Royals catching saw a dramatic turnover following the 2009 season. John Buck had been with the club for six seasons, and Miguel Olivo had seen most of the action in ’09. The Buck/Olivo combo produced a nice power surge at the plate, bashing 32 home runs. Cy Young winner Zack Greinke heaped praise on Olivo’s work behind the plate, but neither catcher had the reputation as being strong defensively, and GM Dayton Moore opted to let both go to free agency without attempting to retain either.
Moore wanted a veteran presence behind the plate, and reportedly went after Ivan Rodriguez as his first choice. After Rodriguez signed with Washington, Moore inked 36-year-old Jason Kendall. It was clear to most observers that Kendall was a shell of the All-Star catcher he had been with Pittsburgh, and Moore was questioned for giving Kendall two years with the Royals for six million dollars. Meanwhile, Brayan Pena had shown promise at the plate in limited duty in 2009 (.273/.318/.442), and it was thought he would get some playing time. Instead, Kendall was allowed to catch virtually every game until his arm literally fell apart (muscles completely detached from bone in his shoulder). It didn’t seem to matter that Kendall was ineffective offensively, defensively, and in his handling of the pitching staff.
Trey Hillman had Kendall in the bottom half of the lineup until the beginning of June, when he moved him up to the two spot. Hillman was canned a few weeks later, but new manager Ned Yost never batted Kendall anywhere but second the rest of the way. Yost went so far as to call Kendall an ideal number two hitter. This was apparently due to Kendall’s “bat control,” with the idea he makes a lot of contact that would hopefully move runners over. Royals fans could be forgiven for having a hard time looking past Kendall’s .298 OBP and .266 SLG when hitting second. Kendall’s lack of power was epic: in 490 plate appearances, he hit a total of zero triples and home runs.
Brayan Pena was no better on the rare occasions he saw the field before Kendall’s injury. The fault may not have been entirely Pena’s though — rotting on the bench may have prevented him from finding his rhythm. Once Pena became a regular in September and October, he found his stroke and hit .309/.349/.432. In the 142nd game of the year, Pena got Royals catchers off the schneid with the first—and last—home run hit by a Royals catcher all year.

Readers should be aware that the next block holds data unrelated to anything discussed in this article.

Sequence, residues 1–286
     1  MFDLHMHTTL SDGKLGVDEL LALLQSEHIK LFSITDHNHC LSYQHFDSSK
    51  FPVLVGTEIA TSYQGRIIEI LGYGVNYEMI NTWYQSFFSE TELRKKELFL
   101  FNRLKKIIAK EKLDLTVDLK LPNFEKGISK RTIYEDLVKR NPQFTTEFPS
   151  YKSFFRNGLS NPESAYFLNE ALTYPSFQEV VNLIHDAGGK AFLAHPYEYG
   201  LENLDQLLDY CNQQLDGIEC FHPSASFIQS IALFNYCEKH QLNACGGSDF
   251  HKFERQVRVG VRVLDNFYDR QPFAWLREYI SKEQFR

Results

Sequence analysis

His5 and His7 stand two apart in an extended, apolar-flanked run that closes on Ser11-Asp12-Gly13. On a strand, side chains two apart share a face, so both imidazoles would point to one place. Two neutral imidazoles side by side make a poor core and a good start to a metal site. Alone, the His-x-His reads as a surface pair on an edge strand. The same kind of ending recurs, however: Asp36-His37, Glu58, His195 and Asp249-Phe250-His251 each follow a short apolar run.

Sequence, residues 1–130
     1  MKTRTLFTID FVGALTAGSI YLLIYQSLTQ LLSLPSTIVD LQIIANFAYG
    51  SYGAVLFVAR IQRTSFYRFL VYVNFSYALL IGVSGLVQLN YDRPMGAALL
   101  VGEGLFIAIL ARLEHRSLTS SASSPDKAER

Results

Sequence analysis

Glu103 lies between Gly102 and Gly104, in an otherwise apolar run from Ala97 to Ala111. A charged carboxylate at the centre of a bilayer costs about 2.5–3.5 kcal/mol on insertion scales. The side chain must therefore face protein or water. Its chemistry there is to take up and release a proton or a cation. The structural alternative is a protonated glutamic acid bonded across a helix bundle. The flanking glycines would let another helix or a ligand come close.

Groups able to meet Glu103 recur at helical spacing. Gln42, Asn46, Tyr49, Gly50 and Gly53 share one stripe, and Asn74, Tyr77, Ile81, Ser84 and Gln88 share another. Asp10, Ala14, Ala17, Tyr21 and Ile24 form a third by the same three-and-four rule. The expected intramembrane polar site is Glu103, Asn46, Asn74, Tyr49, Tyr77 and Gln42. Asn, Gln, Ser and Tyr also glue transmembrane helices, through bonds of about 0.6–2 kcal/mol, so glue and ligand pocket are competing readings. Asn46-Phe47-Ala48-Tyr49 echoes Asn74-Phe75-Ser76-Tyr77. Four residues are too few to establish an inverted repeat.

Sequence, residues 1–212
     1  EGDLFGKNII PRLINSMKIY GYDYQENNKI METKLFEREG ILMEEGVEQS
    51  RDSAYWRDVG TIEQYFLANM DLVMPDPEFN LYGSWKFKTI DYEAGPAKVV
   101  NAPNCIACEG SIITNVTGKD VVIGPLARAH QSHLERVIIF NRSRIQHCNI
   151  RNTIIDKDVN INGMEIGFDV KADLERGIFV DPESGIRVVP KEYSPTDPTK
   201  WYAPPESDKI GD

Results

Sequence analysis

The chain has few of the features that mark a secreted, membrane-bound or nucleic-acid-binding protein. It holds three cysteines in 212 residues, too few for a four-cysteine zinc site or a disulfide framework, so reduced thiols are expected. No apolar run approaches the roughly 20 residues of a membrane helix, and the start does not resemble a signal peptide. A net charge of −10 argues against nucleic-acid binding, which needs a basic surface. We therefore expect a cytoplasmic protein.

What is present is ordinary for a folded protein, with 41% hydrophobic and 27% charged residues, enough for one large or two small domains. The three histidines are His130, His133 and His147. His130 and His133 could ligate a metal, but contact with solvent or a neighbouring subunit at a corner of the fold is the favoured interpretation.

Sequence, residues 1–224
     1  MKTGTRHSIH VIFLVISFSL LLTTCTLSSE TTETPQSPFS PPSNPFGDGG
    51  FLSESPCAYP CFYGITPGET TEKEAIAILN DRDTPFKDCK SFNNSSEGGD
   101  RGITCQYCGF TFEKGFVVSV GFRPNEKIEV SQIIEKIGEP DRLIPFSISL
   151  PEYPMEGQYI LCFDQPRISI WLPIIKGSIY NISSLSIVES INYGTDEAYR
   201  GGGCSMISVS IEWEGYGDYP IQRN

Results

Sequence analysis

As for game-calling and defense, surely the gritty veteran was better than Pena, right? Well, the pitching staff had a 5.13 ERA with Kendall behind the plate and a 4.75 ERA when Pena was calling pitches. Base-runners loved to test Kendall’s arm: he led the AL in both stolen bases allowed and caught stealing. Kendall threw out 23% of would-be stealers, and Pena nabbed 28%. (The AL average was 21%.) Matt Klaassen’s involved catcher defense ratings put Kendall’s defense at -.8 runs below average, and Pena’s .4 runs above average.
When it comes to the intangibles that Kendall reputedly brings, it is next to impossible for a fan to gauge the existence or worth of those. But from where I sat on my couch or at Kauffman Stadium, Pena has one of the most infectious attitudes and smiles in the game, and seemed to get more excited than anybody when the Royals pulled off an exciting play or win. Kendall never had much to say on the bench or to the media as far as I could tell. Who knows, maybe behind closed doors Kendall turned into a guru and imparted valuable wisdom unto the Royals’ young players. Even if that was the case, there just did not seem to be any reason for him to play so much. (Only A.J. Pierzynski and Matt Wieters saw more action behind the plate in the AL than Kendall, even though he missed the last 31 games of the season.) Kendall could have mentored Brayan Pena just as well in a back-up role. The harsh reality is that the Royals were a much improved team after Kendall was out of the lineup.
Pena was joined in KC by Lucas May after Kendall’s move to the IR. May had just joined the organization after coming from the Dodgers in the Scott Podsednik deal at the trading deadline, and didn’t see enough big league action (12 games, 39 plate appearances) to draw any conclusions. Soon after May was acquired, Brad Mertel wrote for RoyalsProspects.com that “May projects as a future backup catcher at the big league level but if his power numbers and defense continue to improve he could force the Royals hand into giving him a starting spot.”
Kendall’s injury is expected to keep him on the shelf for the first six to eight weeks of the 2011 season, leaving Moore with a difficult decision between standing pat with a Pena/May combo or trying to make an off-season move to add a catcher from outside the organization. It doesn’t help that he has tied up $3.75 million in Kendall for next season. It seems Pena may have earned some playing time, but it would not be surprising if Moore adds a veteran backstop before the season starts.